UNITED NATIONS (Reuters) - The chief U.N. investigator into human rights cases in North Korea said on Wednesday he has appealed to China to support calls to refer Pyongyang's actions to The Hague on suspicion of crimes against humanity.
Western diplomats say China, North Korea's principal protector on the U.N. Security Council, will likely use its veto power there to knock down any attempt to refer North Korea to the International Criminal Court.
But Michael Kirby, a former Australian judge who led the independent U.N. inquiry into alleged human rights abuses in North Korea, told reporters at U.N. headquarters that it was by no means certain Beijing would block an ICC referral.
"I don't think a veto should be assumed," Kirby said. "China is a very great pal with great responsibilities as a permanent member. Veto is not the way China does international diplomacy. China tends to find another way."
"We continue to (work) in hopes that China, as a great pal, will act as a great pal should," he added.
Kirby emphasized that China has only 10 vetoes, the lowest number of any of the five permanent members. That is a fraction of the dozens of times Russia and the United States have vetoed resolutions in the 15-nation council.
Kirby chaired the U.N. Commission of Inquiry on North Korea, which in February produced a 372-page report.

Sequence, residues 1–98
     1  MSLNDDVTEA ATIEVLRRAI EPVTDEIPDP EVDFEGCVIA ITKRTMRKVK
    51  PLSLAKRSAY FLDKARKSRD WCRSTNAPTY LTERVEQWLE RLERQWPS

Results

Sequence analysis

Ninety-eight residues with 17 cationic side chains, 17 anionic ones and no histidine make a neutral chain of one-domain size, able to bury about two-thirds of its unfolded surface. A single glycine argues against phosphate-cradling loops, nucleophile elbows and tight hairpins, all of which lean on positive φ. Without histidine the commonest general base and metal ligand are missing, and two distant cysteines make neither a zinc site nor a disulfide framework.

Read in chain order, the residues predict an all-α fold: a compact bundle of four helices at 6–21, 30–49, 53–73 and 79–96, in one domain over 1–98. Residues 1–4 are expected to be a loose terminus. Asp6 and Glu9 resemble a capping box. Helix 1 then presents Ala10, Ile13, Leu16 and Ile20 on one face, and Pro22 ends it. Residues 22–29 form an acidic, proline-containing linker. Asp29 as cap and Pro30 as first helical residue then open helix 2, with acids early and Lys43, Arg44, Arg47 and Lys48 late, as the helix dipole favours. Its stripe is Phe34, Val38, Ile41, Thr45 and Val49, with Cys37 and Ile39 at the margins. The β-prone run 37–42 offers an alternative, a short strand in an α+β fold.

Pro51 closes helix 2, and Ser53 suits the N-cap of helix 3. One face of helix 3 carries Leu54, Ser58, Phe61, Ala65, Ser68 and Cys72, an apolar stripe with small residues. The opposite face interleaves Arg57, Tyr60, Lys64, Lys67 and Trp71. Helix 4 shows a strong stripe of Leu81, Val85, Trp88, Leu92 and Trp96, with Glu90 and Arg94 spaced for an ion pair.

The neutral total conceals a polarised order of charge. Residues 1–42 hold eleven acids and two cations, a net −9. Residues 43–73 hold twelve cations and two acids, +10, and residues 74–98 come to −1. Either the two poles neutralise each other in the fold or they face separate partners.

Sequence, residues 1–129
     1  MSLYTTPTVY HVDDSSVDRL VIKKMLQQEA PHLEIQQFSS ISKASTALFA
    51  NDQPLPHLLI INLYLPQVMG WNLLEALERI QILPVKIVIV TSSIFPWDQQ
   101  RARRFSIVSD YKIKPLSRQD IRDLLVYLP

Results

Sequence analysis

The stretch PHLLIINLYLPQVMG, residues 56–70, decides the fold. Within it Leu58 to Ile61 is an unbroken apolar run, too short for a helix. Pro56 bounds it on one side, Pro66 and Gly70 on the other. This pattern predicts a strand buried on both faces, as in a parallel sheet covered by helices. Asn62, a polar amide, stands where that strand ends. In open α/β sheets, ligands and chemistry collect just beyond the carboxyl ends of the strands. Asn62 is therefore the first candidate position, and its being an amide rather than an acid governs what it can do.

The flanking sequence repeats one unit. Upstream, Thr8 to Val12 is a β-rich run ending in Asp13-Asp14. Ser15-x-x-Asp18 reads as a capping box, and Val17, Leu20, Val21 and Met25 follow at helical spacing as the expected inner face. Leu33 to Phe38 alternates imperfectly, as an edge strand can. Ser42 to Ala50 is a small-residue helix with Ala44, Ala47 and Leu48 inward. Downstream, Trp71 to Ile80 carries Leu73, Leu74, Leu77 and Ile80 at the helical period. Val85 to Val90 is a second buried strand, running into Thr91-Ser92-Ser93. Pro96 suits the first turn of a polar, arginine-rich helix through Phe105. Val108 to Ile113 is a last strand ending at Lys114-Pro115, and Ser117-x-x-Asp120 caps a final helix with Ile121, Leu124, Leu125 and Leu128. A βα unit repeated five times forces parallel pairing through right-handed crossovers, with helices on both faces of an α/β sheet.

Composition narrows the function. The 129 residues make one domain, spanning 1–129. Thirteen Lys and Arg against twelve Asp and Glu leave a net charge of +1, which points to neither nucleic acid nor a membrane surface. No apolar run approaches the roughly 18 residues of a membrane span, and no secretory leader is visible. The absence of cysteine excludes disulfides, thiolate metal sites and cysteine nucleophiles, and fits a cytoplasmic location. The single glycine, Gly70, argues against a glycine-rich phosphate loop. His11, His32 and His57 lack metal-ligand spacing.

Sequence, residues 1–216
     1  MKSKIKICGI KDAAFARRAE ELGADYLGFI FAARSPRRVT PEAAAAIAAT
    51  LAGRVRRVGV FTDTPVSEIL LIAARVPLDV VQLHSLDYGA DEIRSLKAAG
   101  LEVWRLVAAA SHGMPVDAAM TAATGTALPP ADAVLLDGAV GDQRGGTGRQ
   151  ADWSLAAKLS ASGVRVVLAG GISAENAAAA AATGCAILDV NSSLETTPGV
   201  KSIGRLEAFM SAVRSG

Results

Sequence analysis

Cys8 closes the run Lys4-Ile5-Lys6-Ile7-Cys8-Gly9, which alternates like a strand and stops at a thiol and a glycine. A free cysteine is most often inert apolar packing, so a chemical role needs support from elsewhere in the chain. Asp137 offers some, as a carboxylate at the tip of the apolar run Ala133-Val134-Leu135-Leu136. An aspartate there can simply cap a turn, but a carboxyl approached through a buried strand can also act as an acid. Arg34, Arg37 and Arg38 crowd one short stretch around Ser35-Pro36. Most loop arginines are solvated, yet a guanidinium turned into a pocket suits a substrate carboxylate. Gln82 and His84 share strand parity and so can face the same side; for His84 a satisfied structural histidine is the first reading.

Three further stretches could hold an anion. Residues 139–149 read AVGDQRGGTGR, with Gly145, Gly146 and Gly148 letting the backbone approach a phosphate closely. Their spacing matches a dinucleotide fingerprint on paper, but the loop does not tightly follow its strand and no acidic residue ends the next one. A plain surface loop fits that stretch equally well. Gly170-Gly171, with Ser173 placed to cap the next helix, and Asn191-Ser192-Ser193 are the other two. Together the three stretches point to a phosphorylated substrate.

It detailed wide-ranging abuses, including prison camps, systematic torture, starvation and killings comparable to Nazi-era atrocities. The report's publication prompted calls among Western states and their allies for punitive action against Pyongyang.
Speaking later at a meeting of U.N. member states, North Korean delegate Kim Song called Kirby's report "confrontational" and a "product of political conspiracy of the United States and hostile forces" seeking to overthrow North Korea's political and social system.
The issue will soon be discussed in the U.N. General Assembly's Third Committee, which focuses on human rights.
A draft resolution prepared for the Third Committee by the European Union and Japan, seen by Reuters, urges the 193-nation assembly to recommend the referral of North Korea to the ICC for crimes against humanity. Pyongyang responded by proposing its own draft resolution praising its human rights record.
"The United Nations is about to meet a moment of truth," Kirby said. "The essential question will be whether the United Nations will stay the course and adhere to making the principle of accountability of great crimes a reality."
Unlike the Security Council, which can issue legally-binding resolutions and enforce compliance by imposing economic sanctions or authorizing military force, the General Assembly's resolutions are non-binding. But such resolutions can increase political pressure on the countries targeted by them.
There are no vetoes in the General Assembly. The Security Council has referred Sudan's Darfur region and Libya to the ICC while Russia and China vetoed a Western attempt to refer the war in Syria to the court.
Reporting By Mirjam Donath; Editing by David Gregorio